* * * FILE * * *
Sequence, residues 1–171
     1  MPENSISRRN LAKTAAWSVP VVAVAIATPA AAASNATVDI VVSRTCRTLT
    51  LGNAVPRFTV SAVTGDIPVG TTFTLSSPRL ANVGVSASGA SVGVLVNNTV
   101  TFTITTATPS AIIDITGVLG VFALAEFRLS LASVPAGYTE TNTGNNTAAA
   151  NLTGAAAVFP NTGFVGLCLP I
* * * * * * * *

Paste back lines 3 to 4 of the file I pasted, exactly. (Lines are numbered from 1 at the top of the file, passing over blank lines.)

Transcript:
    51  LGNAVPRFTV SAVTGDIPVG TTFTLSSPRL ANVGVSASGA SVGVLVNNTV
   101  TFTITTATPS AIIDITGVLG VFALAEFRLS LASVPAGYTE TNTGNNTAAA